Granted, you can use multiple materials as others have stated, but from a performance point of view, the fewer the better. If it's only going to be used once or twice, it's not that big of a deal. If it's going to be used many times, it will probably lower your frame rates, especially if it uses a complex material.

                Also keep in mind that for your Diffuse/Color UVs, you can overlap for certain meshes. Your container example would probably apply as most of it will be the base metal texture.

                I don't know if this will speed up your workflow, but McCampagnini has a .ASE exporter for Blender (which has been kept up to date) that works great for static meshes. It can't export textures, but seeing how you have an extra step, it might be helpful.

                Comment


                  #9
                  yes I can use blender and UDK but I am still a beginner, the reason I don't know how to post screenshots is I have only had a laptop for 8 months, and I found blender in the beginning of june and UDK at the end of june, also I have already tried .ASE exporter bu faces kept disappearing or displaying material incorrectly in UDK. just a side note I have windows 8.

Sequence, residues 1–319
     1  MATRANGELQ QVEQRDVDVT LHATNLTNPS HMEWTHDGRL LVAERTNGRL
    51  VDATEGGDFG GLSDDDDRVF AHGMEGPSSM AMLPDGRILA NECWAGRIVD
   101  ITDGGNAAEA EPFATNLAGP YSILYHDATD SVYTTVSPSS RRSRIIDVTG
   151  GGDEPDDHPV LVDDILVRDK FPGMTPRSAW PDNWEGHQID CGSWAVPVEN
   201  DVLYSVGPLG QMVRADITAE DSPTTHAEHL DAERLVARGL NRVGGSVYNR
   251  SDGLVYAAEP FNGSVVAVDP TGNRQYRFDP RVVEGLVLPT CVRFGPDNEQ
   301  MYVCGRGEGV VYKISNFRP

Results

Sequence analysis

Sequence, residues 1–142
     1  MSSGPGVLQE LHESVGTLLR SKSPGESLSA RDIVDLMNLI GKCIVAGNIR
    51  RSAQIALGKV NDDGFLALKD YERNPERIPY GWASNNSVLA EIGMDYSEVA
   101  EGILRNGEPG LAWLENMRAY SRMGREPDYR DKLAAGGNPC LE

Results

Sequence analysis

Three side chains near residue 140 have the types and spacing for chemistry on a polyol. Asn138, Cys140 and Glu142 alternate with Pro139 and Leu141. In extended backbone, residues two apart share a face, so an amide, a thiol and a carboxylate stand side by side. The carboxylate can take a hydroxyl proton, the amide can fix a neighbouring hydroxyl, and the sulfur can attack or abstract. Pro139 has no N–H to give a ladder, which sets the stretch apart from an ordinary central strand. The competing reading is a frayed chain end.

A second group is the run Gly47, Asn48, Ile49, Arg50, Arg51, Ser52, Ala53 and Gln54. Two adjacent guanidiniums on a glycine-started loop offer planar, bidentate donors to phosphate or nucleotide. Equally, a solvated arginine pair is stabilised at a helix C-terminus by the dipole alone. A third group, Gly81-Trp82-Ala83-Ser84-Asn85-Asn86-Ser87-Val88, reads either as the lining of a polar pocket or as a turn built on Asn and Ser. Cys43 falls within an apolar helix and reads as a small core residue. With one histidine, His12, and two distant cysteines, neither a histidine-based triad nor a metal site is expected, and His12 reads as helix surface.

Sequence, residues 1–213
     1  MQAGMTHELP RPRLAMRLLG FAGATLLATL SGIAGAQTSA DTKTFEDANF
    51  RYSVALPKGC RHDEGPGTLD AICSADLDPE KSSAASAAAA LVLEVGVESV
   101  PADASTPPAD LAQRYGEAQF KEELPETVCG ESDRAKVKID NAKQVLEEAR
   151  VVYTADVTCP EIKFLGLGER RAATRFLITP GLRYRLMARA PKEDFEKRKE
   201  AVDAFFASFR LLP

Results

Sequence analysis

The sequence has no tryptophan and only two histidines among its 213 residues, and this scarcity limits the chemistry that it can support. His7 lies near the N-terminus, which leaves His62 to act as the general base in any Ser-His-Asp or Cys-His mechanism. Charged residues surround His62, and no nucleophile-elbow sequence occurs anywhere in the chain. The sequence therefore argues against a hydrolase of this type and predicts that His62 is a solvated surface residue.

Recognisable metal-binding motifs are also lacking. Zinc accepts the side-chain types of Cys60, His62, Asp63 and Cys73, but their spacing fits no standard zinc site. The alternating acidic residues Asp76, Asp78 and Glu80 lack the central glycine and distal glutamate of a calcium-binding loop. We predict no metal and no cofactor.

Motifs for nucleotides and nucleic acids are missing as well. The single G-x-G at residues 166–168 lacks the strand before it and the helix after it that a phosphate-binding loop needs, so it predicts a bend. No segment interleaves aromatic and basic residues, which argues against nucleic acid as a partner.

this is a bench I made using my normal workflow



                  this is my container.


                  this is a very basic UV (5120x5120)

                  Comment


                    #10
                    Faces probably disappear from a mesh when you import it because you made the mesh too small. Check this video for a good idea of how to get the sizes in Blender correct:

                    http://www.youtube.com/watch?v=z2ybZN4Es1M